Published: July 13th 2012July 1st 2012
When I woke up it was around 0700h. I found out the train was slightly delayed, so I'd arrive in Guilin at around 1100h, making it a 22 hour train ride. Since I've slept for about 17 hours, I felt extremely rested, ready for the new day. I made myself a cup of instant coffee (sadly, without any milk) and sat by the window to watch the passing scenery, nomming my 7/11 muffins.
I think, for the first time in my life, I saw rice paddies up close. I was finally able to see straw hats in action. Straw hat figures, ankle deep in water, caring for the fragile rice plants; straw hat figures working the fields, accompanied by water buffaloes; and then just straw hats sticking out above tall grass. I doubt Chinese farmers ever get proper rest. From my train window, it seemed everyone was constantly working on something. I can't imagine caring for rice paddies... I don't even know the first thing about rice! Well maybe apart from the fact that it comes in different colours and sizes.
Along the way, I also saw some new train tracks being built, which I instantly assumed must be for the high speed railway. That would be great! In the future, it wouldn't take 20 something hours to get from Shanghai to Guilin, but maybe around 7. My high speed railway experience has been great so far. The trains are much cleaner and comfier than the regular ones, and most importantly faster! On the other hand they would probably be more expensive and could equal the prices of Spring Airlines, at times, so I'm not sure it would be a good budget travel option. But then again, 'time is money'. Either way, not my concern at this point in time! :)
Another thing I noticed were the houses in Guangxi province. Somehow, their simple, rather square shapes, reminded me of many houses and small buildings I saw in Malaysia, Tunisia and the UAE. I started wondering why do they appear so similar, and I primitively concluded that perhaps simplicity, in many rural areas of the world, comes down to the same principles. Or maybe it's rural areas with similar climate conditions? Who knows, I'm no expert!
Watching the outside world made time speed up somehow and, before I knew it, I was stepping off the train onto Guilin soil. I considered myself quite lucky - this particular train ride was smell free! Due to my previous China Railway experiences, I was already quite accustomed to being surrounded by swarms of locals and the odours of their shower-omitting existences... But not this time! However, no matter how lucky you are avoiding poisonous fumes, you will not be able to avoid the crowds of touts that lurk around any and every train and bus station in China. The best thing to do is to spot the closest bus stop and leg it!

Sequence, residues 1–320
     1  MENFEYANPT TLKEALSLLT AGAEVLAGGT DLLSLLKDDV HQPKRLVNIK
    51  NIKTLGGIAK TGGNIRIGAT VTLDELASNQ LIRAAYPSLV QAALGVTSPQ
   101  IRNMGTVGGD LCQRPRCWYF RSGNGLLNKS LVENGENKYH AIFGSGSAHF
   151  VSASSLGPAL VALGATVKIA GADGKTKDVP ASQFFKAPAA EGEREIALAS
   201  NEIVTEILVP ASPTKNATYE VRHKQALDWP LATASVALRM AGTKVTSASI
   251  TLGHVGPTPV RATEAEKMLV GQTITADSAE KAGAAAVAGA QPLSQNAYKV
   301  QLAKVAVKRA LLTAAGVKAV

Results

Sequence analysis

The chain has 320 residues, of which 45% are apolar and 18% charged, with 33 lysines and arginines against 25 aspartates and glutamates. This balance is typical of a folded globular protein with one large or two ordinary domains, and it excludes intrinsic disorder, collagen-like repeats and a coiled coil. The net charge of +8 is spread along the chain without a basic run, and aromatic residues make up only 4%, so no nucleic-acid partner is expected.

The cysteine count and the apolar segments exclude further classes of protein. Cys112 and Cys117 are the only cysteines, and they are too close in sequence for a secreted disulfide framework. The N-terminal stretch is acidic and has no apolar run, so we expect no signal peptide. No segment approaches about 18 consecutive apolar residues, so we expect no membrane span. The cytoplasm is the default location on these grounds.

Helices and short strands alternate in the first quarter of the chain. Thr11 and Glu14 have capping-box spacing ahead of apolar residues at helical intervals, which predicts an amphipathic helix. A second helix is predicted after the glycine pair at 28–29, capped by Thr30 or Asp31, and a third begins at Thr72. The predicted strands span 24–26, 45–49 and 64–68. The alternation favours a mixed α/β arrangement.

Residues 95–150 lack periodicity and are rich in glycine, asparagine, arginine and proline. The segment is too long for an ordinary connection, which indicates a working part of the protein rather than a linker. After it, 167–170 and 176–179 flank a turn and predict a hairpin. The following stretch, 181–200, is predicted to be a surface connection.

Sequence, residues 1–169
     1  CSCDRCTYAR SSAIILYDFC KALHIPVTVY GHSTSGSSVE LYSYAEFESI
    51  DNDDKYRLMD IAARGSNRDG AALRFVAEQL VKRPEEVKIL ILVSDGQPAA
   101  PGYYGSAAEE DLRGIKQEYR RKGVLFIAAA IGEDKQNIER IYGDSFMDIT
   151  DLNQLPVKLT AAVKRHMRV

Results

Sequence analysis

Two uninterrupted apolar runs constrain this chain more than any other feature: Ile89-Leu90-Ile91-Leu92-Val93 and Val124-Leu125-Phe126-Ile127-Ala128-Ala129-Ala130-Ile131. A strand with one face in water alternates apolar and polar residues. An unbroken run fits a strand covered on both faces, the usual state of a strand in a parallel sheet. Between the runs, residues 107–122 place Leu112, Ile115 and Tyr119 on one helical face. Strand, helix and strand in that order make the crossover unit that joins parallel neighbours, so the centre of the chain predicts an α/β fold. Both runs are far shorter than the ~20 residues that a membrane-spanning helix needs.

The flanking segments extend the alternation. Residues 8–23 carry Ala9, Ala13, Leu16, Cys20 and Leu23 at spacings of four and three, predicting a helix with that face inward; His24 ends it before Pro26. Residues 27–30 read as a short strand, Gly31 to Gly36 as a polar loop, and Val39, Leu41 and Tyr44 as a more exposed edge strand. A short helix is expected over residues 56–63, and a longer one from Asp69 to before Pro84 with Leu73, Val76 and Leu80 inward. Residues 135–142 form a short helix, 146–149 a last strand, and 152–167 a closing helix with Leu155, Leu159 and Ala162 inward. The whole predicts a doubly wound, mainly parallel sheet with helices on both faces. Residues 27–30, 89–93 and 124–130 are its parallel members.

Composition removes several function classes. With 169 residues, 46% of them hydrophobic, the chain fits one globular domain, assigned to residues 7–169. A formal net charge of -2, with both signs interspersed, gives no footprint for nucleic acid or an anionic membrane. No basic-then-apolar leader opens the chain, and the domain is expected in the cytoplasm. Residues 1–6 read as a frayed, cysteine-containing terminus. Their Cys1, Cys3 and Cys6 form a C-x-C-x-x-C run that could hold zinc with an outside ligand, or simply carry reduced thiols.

Thanks to my basic knowledge of the Chinese language I was able to find my way to a hcentre lose to all the main attractions in town, The Ming Palace International Youth Hostel (their dorm rooms are really cozy, and there is a nice terrace on the 5th floor). As soon as I arrived, all my worries about travelling alone instantly vanished. The moment I walked into the dorm room I met a really nice kid from the States, and we set out to conquer the city!
The first place we hit up was Folded Brocade Hill (Diecai Shan 叠彩山). It was an insanely hot day and I don't remember breaking such a sweat while climbing such a tiny hill (chinese edition, of course, with stairs!). On the way to the top we stopped to feed some poor peacocks in a badly managed bird enclosure. The only nice thing about it was the shade. A little bit higher, there was an amazing breeze passing through the Wind Cave (Feng Dong 风洞), what a relief... After a rather sweaty while, we reached the top and instead of sitting down to enjoy the views, we were greeted by a bunch of Chinese tourists, photo session included. When they finally left (to take more photos of stuff, I'm sure), we were able to see the city and its surrounding karst scenery. Beautiful view, and definitely a rewarding one, especially after a 30 minute climb on a hot day!
My companion suggested earlier that we could go see some caves on the outskirts of the city. I was very reluctant at first, since I've already seen quite a few beautiful caves in my life, like Postojnska Jama in Slovenia, and I wasn't really interested in seeing a smaller 'copy' filled with kitschy lights. The heat of the day, though, is what persuaded me to go. I thought, seeing another cave would be more pleasant than visiting the millionth pagoda/temple in a row (plenty of those around Guilin). After a while of living in China, the latter has become monotone and I no longer see the diffence between this temple and that... To be less ignorant, I'd probably have to take a course in ancient Chinese architecture, which at the moment, isn't too high on my list! ;)
To escape the heat, we caught a bus and headed for Reed Flute Cave (Ludi Gongyuan 芦笛公园). It was sooooo nice and cool inside, however, we had to stick close to a Chinese tour group because as soon as they left an area, the lights would go out! Following the group, but still keeping our distance to avoid more photo shoot opportunities, we admired the stalagmites and stalactites. The most impressive bit, I thoght, was the Crystal Palace of the Dragon King - a huge grotto within RFC. It's so huge it can fit more than a thousand people! Along the way, I guess I got used to all the kitschy lights and I even thought that they're rather tastefully done! In some smaller chamber we saw a huge tortoise trapped in a tiny pool of water (that poor thing). The Chinese tour guides assured us its over a 1000 years old... While wikipedia assured us tortoises don't live past 200... Maybe it was the Dragon King! :P
The rest of the day passed fairly quickly. Between the search for dinner and meeating more independent travellers, I realised, despite being on the road, that I already feel very much at home :)